This week’s New Yorker features an article by Ryan Lizza about potential democratic candidates. One, James Webb, former U.S. Senator from Virginia, has a history of interest in prisons and reentry of people with convictions. The article states:
“In the Senate, he pushed for creating a national commission that would study the American prison system, and he convened hearings on the economic consequences of mass incarceration. He says he even hired three staffers who had criminal records. ‘If you have been in prison, God help you if you want to really rebuild your life,’ Webb told me. ‘We’ve got seven million people somehow involved in the system right now, and they need a structured way to reënter society and be productive again.’ He didn’t mention it, but he is aware that the prison population in the U.S. exploded after the Clinton Administration signed tough new sentencing laws.”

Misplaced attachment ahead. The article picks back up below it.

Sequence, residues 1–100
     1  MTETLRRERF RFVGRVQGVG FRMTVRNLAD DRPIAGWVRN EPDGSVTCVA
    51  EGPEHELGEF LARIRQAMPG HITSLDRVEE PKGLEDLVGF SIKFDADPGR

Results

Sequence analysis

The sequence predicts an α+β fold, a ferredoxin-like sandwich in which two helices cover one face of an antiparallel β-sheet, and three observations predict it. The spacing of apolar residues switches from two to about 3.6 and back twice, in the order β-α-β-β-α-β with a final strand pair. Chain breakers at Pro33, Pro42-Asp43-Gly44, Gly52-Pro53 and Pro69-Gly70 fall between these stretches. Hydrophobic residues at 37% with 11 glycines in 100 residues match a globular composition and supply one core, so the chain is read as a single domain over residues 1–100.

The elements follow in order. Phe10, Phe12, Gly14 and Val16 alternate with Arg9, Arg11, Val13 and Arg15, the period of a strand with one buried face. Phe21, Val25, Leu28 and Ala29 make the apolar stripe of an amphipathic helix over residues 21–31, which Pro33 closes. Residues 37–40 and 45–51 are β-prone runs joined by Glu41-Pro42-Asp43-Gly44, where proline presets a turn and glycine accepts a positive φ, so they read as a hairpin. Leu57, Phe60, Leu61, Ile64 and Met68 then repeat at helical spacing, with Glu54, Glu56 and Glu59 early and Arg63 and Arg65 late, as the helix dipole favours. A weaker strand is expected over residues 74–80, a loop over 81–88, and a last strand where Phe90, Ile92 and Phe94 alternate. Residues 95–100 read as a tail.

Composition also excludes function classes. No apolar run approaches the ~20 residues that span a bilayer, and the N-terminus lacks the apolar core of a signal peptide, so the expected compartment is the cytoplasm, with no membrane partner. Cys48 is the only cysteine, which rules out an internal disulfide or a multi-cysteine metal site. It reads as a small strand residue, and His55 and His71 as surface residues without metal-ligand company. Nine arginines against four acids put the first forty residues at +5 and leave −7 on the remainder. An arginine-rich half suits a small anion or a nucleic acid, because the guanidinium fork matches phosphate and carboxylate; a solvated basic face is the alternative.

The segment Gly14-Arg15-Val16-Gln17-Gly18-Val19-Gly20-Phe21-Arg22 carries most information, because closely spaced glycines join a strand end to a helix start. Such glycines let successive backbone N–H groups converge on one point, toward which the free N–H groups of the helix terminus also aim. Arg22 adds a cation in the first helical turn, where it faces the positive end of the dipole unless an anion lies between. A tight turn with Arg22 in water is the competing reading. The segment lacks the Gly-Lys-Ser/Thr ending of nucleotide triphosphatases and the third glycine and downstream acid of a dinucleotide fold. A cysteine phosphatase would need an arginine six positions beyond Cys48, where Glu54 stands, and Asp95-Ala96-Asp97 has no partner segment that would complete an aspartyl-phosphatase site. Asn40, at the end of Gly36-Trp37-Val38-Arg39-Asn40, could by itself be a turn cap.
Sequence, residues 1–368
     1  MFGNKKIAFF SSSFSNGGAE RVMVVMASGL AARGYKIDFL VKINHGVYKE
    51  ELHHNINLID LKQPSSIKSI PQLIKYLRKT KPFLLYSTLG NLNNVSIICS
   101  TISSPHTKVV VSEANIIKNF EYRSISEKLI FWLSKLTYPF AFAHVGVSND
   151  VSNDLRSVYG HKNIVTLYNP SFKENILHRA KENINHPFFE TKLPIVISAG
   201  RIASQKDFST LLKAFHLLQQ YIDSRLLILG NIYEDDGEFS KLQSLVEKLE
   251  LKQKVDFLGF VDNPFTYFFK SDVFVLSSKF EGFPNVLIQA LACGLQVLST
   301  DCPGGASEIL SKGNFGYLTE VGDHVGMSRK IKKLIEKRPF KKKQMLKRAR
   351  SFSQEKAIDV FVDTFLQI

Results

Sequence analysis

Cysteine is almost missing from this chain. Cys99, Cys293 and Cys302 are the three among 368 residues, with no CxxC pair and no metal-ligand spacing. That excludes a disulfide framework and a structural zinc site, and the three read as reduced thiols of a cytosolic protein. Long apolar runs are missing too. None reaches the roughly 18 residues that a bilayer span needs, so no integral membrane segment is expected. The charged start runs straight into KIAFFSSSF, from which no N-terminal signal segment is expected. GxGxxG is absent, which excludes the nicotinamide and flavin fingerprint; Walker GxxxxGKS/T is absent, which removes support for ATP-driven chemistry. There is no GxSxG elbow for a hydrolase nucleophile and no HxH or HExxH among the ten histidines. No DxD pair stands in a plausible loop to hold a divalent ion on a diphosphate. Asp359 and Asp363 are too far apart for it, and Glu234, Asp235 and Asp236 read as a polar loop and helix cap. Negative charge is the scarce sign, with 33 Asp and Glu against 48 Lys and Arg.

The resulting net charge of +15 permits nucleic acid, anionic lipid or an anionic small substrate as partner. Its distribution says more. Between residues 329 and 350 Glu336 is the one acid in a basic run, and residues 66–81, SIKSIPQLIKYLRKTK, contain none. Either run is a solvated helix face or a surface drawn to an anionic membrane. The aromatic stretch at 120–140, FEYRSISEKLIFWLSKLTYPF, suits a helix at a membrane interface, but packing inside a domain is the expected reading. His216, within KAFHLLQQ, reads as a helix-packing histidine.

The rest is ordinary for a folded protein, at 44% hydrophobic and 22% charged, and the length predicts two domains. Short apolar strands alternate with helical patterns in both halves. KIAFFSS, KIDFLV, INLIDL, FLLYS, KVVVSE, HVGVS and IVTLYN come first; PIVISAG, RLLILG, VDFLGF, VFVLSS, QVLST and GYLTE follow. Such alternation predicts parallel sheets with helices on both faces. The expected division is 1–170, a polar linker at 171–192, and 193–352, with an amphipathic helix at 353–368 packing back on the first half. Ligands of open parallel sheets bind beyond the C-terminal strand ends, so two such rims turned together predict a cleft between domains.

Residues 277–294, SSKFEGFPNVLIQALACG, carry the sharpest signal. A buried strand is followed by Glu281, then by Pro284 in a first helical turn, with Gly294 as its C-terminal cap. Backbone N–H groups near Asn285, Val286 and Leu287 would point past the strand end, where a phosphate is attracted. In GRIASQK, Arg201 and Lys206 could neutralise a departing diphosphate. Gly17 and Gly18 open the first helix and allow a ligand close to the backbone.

Of course, reentry is not necessarily a partisan issue; President George W. Bush also cared about it, calling America “the land of second chance” in his 2004 State of the Union address, and signing into law the Second Chance Act. It will be interesting to see if prison spending and reentry become issues in the primaries or the general election.